2. Le syndicat Conseil du Québec (FTQ) s'est entendu avec la compagnie Golden Brand de Montréal, qui ferme ses portes, pour accorder aux travailleurs une somme de 3,5$ millions en indemnités de départ. Pour en lire plus...
  3. (Courtesy of CNW) It should be open in the Spring of this year. I drove passed it, honestly it doesn't look at like it at all ready. They are setting up shop in the old Ferrari-Maserati dealership. At least now people don't have to go to Toronto or John Scotti to get their Rolls
  4. Montreal has a hot brand City should plug culture: minister By LYNN MOORE, The GazetteFebruary 21, 2009 Montreal should be "branding" itself as a major cultural and creative capital using institutions such as the Canadiens, the Montreal Symphony Orchestra and Montreal International Jazz Festival, Quebec's minister of economic development told a gathering of business leaders. The global finance crises has exasperated setbacks such as the loss of the Grand Prix Formula 1 racing event while continuing job and production cuts by major companies have shaken citizens and business leaders alike, Raymond Bachand told a Metropolitan Montreal Chamber of Commerce luncheon. "I want to tell you that the solutions (to shaken confidence and setbacks) are staring us in the face ... and are under our feet, if only we would see them," Bachand said. Bachand's reference to the Canadiens as a "one of the best-known trademarks in the world" prompted a wave of laughter from the audience. A front-page article in yesterday's La Presse linked three Canadiens players with one of the suspects arrested last week in a police operation targeting organized crime. "When one journalist makes a mistake, we don't condemn all media (outlets). And just because one player makes a mistake, we don't forget about 100 years of history," Bachand said. [email protected] © Copyright © The Montreal Gazette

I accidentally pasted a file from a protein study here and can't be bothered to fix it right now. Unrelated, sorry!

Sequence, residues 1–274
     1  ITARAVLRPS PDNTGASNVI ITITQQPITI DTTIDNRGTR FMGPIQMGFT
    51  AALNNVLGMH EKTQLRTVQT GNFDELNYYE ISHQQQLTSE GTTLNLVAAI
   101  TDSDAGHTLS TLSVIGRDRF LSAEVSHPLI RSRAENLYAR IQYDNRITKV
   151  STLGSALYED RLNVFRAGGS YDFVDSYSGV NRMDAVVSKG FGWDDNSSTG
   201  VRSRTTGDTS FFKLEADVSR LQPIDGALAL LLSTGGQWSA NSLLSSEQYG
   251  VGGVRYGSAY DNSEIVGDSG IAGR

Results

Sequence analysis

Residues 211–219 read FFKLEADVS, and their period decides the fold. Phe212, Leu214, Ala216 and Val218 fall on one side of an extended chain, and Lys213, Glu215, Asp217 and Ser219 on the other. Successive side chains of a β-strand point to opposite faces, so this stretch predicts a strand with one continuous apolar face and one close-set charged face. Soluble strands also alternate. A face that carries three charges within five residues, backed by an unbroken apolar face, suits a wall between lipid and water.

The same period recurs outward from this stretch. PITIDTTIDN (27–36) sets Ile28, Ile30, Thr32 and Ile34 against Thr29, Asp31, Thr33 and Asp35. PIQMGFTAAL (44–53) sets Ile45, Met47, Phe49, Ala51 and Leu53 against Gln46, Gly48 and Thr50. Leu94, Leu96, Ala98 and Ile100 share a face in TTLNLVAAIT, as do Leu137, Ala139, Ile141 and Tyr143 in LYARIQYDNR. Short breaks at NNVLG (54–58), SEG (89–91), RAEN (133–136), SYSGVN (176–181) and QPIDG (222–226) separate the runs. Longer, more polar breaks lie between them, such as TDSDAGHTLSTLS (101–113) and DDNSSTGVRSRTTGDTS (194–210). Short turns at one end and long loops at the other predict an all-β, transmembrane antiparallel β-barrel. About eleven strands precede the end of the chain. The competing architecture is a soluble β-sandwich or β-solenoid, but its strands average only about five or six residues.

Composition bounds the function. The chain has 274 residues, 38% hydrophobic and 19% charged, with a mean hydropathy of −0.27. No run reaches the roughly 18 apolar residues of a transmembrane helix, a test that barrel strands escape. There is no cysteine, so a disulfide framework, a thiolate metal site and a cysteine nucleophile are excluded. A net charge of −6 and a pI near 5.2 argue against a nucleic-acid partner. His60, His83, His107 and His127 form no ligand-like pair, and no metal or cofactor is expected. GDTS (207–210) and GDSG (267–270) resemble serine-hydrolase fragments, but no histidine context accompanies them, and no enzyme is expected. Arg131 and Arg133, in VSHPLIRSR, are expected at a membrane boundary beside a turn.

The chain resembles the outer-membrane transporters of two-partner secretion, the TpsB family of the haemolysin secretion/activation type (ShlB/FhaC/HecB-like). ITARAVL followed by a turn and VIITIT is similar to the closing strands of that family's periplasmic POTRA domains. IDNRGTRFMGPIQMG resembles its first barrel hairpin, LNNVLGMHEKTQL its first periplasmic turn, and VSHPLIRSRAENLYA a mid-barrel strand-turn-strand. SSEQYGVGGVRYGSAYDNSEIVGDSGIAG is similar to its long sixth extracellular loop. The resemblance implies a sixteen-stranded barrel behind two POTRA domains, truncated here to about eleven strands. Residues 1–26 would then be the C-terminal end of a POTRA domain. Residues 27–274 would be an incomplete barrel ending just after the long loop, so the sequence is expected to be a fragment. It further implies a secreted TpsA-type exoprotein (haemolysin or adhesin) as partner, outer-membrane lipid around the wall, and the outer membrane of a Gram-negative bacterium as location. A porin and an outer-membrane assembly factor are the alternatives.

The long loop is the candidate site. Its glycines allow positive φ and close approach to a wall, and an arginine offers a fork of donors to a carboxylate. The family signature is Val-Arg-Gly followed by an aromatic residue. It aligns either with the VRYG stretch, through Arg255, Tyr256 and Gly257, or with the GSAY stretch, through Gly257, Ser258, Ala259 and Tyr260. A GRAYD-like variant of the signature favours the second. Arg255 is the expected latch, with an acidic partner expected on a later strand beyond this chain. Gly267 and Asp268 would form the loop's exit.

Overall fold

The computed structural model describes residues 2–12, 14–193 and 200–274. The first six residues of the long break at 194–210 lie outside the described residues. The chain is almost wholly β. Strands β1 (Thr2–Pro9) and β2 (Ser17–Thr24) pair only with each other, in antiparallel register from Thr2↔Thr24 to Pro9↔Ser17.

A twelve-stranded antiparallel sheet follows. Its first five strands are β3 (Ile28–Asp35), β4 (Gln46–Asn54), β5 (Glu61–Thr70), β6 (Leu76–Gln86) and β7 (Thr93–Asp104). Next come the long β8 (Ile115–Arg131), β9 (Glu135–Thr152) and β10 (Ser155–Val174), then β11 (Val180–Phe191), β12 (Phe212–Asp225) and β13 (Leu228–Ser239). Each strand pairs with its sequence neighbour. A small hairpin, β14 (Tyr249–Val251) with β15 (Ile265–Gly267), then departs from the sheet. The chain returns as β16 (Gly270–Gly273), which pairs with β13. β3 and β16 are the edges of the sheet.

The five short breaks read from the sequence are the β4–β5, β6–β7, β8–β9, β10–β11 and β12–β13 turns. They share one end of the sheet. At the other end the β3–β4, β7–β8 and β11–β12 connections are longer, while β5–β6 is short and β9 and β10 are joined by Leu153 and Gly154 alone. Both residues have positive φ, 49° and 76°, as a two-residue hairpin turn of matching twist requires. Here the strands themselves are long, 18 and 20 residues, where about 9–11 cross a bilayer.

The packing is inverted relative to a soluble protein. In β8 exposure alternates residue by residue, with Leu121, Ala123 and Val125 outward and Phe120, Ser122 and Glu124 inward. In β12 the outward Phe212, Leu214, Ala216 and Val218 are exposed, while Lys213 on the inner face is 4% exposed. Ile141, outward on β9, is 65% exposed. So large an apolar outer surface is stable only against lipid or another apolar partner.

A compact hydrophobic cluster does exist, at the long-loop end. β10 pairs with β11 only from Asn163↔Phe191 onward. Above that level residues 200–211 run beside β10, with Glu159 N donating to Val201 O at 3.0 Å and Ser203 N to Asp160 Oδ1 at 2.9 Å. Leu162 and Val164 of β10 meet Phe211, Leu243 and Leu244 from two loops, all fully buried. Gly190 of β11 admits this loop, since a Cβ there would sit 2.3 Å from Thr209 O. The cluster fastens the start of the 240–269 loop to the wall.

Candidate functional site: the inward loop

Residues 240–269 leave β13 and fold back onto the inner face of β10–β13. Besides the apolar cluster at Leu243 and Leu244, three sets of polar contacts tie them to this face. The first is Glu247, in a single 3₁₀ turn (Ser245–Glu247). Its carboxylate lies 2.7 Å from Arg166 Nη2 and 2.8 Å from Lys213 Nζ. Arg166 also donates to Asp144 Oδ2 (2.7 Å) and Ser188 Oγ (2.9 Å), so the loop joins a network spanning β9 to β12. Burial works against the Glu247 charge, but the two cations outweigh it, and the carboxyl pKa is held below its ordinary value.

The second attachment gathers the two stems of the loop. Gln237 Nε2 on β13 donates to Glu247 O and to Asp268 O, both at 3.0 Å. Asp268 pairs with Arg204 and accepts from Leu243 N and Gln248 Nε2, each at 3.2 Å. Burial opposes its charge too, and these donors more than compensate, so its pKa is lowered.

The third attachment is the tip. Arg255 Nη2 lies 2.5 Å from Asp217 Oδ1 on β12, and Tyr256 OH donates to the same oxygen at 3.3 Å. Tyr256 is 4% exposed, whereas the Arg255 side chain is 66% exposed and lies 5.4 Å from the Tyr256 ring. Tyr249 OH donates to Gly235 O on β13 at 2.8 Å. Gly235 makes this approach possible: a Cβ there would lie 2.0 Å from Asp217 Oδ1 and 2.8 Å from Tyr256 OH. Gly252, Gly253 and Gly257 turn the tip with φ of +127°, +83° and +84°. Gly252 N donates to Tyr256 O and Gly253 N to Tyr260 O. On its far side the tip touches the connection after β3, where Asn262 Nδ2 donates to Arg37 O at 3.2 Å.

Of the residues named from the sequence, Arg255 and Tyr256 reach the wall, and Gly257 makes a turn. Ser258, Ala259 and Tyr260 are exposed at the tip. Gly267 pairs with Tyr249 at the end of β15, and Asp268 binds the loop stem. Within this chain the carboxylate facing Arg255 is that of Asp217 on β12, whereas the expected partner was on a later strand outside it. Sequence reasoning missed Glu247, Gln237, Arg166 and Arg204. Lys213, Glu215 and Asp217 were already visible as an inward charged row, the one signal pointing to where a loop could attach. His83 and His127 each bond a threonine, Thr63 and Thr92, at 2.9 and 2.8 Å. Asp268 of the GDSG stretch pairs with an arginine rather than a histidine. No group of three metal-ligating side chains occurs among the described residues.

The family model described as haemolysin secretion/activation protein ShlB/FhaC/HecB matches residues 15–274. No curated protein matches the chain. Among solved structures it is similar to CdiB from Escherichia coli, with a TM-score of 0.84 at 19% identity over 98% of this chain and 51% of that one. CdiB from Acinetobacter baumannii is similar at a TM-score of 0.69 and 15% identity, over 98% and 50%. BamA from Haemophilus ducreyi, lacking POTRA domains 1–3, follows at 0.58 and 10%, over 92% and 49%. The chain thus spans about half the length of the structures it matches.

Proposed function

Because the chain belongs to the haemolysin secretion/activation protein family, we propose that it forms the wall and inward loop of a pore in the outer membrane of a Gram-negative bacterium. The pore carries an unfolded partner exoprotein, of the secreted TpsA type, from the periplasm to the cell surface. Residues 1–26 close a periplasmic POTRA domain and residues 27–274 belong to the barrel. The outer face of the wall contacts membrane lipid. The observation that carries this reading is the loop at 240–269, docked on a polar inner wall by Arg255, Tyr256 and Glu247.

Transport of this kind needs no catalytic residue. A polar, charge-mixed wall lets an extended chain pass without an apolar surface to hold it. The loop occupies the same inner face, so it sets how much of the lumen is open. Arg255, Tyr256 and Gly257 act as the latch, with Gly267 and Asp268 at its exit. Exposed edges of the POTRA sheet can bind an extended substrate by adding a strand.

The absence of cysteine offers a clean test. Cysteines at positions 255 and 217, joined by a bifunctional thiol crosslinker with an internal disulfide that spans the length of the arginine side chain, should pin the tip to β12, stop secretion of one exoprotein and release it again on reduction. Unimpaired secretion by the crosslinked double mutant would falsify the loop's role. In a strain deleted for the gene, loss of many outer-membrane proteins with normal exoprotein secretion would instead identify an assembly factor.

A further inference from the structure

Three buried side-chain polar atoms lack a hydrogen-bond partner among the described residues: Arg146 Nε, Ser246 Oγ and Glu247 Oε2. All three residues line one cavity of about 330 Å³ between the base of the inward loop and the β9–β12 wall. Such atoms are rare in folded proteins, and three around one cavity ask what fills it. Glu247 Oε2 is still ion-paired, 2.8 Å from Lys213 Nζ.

5. Why does montreal have worse roads than any other north american city? If climate really plays a role, why does ottawa or toronto have much smoother roads with a nicer texture and color, other than the newly repaved hwy 40, i don't think there is a single nice road in this city, i am very cautious while i drive around i just never know what's on the way, i own a brand new car which i paid alot for and i keep fealing that these roads will destroy the suspension components prematurely. Will there ever be a solution for this problem? I mean even brand new pavement is usualy wavy and unproportionate and ends up looking just as bad as before after 2-3 years Oh and i'm new here! Hi everyone